How to use Metamask
What is MetaMask?
Metamask is a browser plugin that lets you make Ethereum transactions through regular websites.
web3.js is written by the Ethereum core team, and has functions that regular webpages can use to make read and write requests to the blockchain.
Eventually we'll have browsers with this sort of functionality built-in. But for now we need plugins like Metamask to help us bridge the gap between web2 and web3. We call these portals between web2 and web3, web3 providers.
For more on why we need web3 providers like Metamask to interact with the blockchain see the web3 provider section of our getting started page.
Finally, if you're new to web3 we recommend you read through the web3 section of our getting started page.
If this is your first time using Metamask, here's how to get started:
Visit the Metamask homepage and download the relevant browser extension (this guide will be based around the Chrome extension, but the process is similar for all browsers).
Once it's downloaded, you should be automatically directed to a welcome page.
Follow the instructions carefully. They should be pretty self-explanatory.
Once your MetaMask setup is complete, you should be redirected to your newly created Ethereum wallet.
If you've made it this far, congratulations
You now have all you need to sign transactions and interact directly with the Ethereum blockchain.
A couple of useful points
While at this stage there's no need for you to understand everything about Metamask, here are a couple of useful points.
In the top right you should see a dropdown menu with Main Ethereum Network selected.
With this option selected, you're able to interact directly with the main Ethereum blockchain. If you click on it however, you should see that you have the ability to select other networks.
Why would we need to select other networks? Simply put, before launching a project (or dapp) on the main Ethereum network, it's good practice to deploy a version to an Ethereum test network.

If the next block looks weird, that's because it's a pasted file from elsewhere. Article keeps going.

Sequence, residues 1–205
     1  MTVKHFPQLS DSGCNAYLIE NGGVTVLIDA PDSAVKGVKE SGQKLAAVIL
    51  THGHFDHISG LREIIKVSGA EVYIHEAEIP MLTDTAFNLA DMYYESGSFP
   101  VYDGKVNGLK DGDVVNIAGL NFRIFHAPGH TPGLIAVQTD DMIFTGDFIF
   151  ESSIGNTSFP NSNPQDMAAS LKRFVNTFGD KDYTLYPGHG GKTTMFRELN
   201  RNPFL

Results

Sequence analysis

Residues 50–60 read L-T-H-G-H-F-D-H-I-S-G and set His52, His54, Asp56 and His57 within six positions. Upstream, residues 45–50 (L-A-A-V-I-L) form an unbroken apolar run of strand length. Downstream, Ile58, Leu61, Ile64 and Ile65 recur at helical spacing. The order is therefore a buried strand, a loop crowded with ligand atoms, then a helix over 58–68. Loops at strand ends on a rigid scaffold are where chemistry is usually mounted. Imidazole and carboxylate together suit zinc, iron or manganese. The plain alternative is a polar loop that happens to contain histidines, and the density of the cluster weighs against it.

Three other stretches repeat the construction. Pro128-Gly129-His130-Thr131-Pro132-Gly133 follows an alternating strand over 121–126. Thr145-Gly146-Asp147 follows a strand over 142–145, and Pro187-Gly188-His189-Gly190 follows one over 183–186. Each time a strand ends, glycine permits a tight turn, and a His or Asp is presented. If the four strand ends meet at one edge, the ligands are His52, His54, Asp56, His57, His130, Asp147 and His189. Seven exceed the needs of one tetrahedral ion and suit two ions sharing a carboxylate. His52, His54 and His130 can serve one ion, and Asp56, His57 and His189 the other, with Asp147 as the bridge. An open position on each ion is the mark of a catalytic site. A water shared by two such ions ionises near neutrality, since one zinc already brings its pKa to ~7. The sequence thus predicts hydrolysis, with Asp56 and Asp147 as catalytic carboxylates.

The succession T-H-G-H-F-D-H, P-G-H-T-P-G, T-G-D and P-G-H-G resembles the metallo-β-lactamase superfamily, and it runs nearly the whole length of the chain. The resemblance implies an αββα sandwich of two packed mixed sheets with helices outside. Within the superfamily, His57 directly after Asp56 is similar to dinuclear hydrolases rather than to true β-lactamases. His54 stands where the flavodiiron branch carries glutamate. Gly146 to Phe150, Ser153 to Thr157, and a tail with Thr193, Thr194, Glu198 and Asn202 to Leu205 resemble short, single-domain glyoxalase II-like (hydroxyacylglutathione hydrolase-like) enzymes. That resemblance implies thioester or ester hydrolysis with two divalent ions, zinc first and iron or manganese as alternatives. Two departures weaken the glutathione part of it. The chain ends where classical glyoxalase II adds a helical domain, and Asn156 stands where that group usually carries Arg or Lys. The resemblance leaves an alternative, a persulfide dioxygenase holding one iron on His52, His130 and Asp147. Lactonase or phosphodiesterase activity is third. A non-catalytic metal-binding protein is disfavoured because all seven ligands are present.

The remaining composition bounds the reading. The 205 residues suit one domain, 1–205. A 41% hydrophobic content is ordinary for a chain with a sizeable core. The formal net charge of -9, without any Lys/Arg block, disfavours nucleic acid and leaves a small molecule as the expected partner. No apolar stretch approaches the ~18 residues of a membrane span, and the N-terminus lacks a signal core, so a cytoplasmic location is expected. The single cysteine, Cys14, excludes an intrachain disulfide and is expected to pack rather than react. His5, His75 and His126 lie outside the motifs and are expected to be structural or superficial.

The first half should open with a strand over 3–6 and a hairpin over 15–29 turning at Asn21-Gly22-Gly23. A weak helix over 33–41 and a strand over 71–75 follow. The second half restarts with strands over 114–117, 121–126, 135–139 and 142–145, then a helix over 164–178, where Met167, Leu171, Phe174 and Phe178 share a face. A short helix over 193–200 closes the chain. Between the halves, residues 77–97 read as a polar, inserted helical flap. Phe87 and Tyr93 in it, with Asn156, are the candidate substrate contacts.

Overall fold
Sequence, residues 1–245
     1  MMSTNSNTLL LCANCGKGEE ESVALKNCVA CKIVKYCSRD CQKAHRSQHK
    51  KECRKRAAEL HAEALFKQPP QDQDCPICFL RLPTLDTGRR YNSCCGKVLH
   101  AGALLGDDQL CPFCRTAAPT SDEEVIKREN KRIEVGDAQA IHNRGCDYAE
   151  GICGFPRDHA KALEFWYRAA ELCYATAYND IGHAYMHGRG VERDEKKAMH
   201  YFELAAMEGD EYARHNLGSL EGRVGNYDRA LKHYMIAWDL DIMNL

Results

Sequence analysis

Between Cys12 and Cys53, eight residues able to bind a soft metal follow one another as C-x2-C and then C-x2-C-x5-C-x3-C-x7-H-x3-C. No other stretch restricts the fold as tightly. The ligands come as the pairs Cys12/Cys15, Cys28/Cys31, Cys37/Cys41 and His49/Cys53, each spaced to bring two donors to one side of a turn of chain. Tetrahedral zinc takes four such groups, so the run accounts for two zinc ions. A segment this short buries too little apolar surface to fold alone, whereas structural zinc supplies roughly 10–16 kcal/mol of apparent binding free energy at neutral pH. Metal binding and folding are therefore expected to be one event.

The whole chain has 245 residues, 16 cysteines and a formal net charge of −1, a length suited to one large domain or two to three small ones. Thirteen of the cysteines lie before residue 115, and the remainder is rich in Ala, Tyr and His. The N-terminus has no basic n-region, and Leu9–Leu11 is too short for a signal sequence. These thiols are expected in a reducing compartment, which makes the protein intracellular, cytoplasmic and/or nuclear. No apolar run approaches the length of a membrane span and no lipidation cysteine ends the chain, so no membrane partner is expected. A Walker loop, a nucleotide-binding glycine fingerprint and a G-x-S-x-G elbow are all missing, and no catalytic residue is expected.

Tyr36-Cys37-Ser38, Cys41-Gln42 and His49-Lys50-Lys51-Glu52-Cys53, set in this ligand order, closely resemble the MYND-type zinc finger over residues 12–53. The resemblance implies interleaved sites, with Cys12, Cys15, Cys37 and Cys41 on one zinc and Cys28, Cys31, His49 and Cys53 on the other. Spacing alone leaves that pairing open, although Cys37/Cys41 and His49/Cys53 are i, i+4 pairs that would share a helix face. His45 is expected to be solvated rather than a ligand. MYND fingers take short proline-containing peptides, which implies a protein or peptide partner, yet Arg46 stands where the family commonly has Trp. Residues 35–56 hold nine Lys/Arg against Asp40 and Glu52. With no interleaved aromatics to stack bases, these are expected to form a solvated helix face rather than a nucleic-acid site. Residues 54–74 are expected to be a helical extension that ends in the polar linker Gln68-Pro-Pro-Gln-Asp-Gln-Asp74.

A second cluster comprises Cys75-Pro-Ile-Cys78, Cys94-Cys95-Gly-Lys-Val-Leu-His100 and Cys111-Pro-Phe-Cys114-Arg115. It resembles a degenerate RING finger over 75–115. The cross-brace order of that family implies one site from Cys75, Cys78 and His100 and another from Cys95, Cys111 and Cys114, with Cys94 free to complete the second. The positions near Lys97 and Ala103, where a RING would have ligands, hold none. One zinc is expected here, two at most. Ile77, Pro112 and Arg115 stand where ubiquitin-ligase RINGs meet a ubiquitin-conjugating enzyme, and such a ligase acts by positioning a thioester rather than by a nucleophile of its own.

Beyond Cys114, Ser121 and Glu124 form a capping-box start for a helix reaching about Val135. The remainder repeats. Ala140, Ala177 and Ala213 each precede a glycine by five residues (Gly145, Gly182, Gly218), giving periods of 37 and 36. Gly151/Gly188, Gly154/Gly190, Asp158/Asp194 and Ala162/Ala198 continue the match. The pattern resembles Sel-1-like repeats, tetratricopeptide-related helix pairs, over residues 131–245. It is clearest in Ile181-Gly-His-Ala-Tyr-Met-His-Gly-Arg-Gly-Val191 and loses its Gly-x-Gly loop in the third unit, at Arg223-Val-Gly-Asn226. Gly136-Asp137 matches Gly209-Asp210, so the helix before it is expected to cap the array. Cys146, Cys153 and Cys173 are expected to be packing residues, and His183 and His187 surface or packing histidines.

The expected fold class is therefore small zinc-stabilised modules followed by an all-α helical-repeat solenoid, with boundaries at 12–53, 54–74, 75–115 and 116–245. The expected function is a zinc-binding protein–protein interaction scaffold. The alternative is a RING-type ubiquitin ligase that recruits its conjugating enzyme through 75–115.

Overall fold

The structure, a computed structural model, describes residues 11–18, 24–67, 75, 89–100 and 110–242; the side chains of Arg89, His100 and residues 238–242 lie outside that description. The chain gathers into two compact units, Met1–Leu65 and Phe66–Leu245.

The main reason is that Testnet ETH can be obtained without having to pay real money. This gives developers and the community a chance to iron out any problems before real money is involved.
There are three testnets: Ropsten, Kovan, and Rinkleby.
Don't worry about the precise differences between them at this stage. All you need to know is that they simulate Ethereum and can be used without having to pay real money.
Finally, you can also interact with private Ethereum networks by selecting Localhost 8545. Private in this case doesn't mean more secure. It just means that the nodes are not connected to the main or test network nodes.
Why would we want to use a private network? In short, using the mainnet or testnets requires you to download the past transaction history of the blockchain. This takes a considerable amount of time, and requires a lot of local disk space.
A private network requires negligible local disk storage and can be operated without having to purchase ETH with real money. Perfect for rapid experimentation and testing.
If you click on the Details button below your account name - in my case Account 1 - a popup will appear with your account address. It should look something like:**0x931D387731bBbC988B312206c74F77D004D6B84b**
This is your public address (or public key). You can share this with other people to receive ETH.
Signing your first transaction with MetaMask
In this section we'll go through how to sign your first transaction using Metamask.
From now on, I'll assume you've reached the Interacting with your first DAO section of our getting started page. If you haven't, and you want to follow along, you should do this first.
The first step is to open up the Metamask browser extension. If you're using Chrome you should be able to do this by clicking on the fox icon located to the right of your address bar. If you can't see it, click here. This will open up an interface to your Ethereum wallet.
Click on the circle in the top right. You should see a black drop down menu appear.